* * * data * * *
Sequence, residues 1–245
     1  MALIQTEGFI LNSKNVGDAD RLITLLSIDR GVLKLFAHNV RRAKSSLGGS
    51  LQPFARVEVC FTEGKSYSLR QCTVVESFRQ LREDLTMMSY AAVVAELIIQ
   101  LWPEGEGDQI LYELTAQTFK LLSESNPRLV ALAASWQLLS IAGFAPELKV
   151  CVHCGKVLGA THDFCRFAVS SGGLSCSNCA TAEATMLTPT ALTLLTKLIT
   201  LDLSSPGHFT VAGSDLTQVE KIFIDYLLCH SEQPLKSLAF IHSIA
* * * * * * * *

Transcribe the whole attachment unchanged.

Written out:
Sequence, residues 1–245
     1  MALIQTEGFI LNSKNVGDAD RLITLLSIDR GVLKLFAHNV RRAKSSLGGS
    51  LQPFARVEVC FTEGKSYSLR QCTVVESFRQ LREDLTMMSY AAVVAELIIQ
   101  LWPEGEGDQI LYELTAQTFK LLSESNPRLV ALAASWQLLS IAGFAPELKV
   151  CVHCGKVLGA THDFCRFAVS SGGLSCSNCA TAEATMLTPT ALTLLTKLIT
   201  LDLSSPGHFT VAGSDLTQVE KIFIDYLLCH SEQPLKSLAF IHSIA